Photo Credit:
James G. McDonald

An American scholar and diplomat who aided Jews during the Holocaust and challenged the Roosevelt administration’s refugee policy was the focus of this year’s Holocaust Memorial Day commemoration on Capitol Hill last week.

McDonald (standing, right) with President Roosevelt, circa 1940.

The late James G. McDonald, who served as the League of Nations’ commissioner for refugees and as an adviser to President Franklin D. Roosevelt, was featured in the Capitol Hill program, which was sponsored by U.S. Congresswoman Donna Christensen.


Christensen, a Democrat who represents the Virgin Islands, said she felt “a deep personal connection” to McDonald’s efforts on behalf of refugees because the governor and legislative assembly of the Virgin Islands offered, in 1938, to open their doors to Jews fleeing Hitler. President Roosevelt rejected the offer on the grounds that it could enable Nazi spies to sneak into America.

The Capitol Hill program included the debut of a one-hour documentary, “A Voice Among the Silent: The Legacy of James G. McDonald,” by Chicago filmmaker Shuli Eshel. The film describes how McDonald, as a young foreign policy scholar, was one of the first Americans to meet personally with Adolf Hitler in early 1933. The Nazi leader openly vowed to McDonald that he would “get rid of the Jews.” McDonald brought that information to Roosevelt and other world leaders, but his warnings were ignored.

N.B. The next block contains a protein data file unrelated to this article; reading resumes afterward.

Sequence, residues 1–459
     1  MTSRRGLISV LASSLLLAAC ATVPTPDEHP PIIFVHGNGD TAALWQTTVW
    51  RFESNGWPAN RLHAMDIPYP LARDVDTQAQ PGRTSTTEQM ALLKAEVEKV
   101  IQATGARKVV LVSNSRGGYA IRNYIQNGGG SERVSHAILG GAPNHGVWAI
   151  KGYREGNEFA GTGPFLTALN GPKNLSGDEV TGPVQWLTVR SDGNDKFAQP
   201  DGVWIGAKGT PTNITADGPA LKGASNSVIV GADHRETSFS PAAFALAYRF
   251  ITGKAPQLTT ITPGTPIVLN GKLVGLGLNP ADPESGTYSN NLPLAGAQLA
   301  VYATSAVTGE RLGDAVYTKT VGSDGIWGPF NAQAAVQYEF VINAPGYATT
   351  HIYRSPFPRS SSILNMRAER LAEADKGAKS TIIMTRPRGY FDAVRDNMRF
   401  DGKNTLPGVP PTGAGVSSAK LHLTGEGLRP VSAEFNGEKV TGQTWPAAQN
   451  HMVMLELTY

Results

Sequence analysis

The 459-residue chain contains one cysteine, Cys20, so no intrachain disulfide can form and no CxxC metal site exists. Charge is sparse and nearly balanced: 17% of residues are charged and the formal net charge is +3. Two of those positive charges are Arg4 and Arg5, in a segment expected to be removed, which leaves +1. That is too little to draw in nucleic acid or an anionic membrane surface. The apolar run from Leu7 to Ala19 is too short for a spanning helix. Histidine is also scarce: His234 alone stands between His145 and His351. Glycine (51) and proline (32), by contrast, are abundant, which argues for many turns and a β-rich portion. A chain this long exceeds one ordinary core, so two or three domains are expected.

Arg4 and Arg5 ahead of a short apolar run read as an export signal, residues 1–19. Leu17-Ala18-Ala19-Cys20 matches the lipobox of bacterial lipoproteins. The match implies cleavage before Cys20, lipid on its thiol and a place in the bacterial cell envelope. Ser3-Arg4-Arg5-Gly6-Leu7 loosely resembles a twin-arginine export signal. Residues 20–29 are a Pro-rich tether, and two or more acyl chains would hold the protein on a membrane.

In a panel discussion accompanying the film, Dr. Rafael Medoff, director of the David S. Wyman Institute for Holocaust Studies, spoke about McDonald’s attempts to solicit U.S. support to aid the Jewish refugees.

“McDonald asked FDR for a token $10,000 contribution to support his work as League of Nations commissioner for refugees,” Medoff noted. “Roosevelt said yes, but months went by and the promise was never fulfilled. A few years later, FDR told McDonald he would ask Congress to allocate $150-million to help settle Jewish refugees outside of Europe – but those funds likewise never materialized.”

Also on the panel was McDonald’s daughter, Prof. Barbara McDonald Stewart, who discussed her father’s motives in helping the Jews. “As a Christian, he was keenly aware of his moral obligation to help people who were being persecuted. He used to say, ‘If Christians acted like Christians, there wouldn’t be any anti-Semitism.’ ”

Prof. McDonald also recalled her experiences as assistant to her father during his post-World War II role as the first American ambassador to Israel. “Israel’s first years were a difficult time, as they were trying to build a state and defend themselves [against the invading Arab armies] while also developing a relationship with the United States.” She said she was “very proud” that her father helped rebuff State Department officials who wanted to impose sanctions on Israel at one point during the 1948 war.

Ms. Eshel, the filmmaker, told the Capitol Hill audience that “the fact that the world did so little in response to the genocides in Rwanda and Darfur shows that many people have still not learned the lessons of the Holocaust.” She said she hopes her film about McDonald “will inspire young people to day to realize that they too can – and should – stand up against evil, as McDonald did.”

During a Q & A session after the screening, audience members strongly praised the film and urged that it be shown in schools. A young woman from Mississippi, who said she serves on the staff of one of Washington’s museums, said “It’s especially important that Christians see this film–and remember James McDonald as a role model for this generation.”

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